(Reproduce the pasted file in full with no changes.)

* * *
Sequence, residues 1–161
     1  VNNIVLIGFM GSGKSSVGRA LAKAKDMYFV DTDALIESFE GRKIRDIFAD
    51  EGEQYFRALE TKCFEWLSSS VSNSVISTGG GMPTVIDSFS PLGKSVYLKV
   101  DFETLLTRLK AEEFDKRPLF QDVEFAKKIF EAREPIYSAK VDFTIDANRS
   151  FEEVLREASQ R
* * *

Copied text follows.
Sequence, residues 1–161
     1  VNNIVLIGFM GSGKSSVGRA LAKAKDMYFV DTDALIESFE GRKIRDIFAD
    51  EGEQYFRALE TKCFEWLSSS VSNSVISTGG GMPTVIDSFS PLGKSVYLKV
   101  DFETLLTRLK AEEFDKRPLF QDVEFAKKIF EAREPIYSAK VDFTIDANRS
   151  FEEVLREASQ R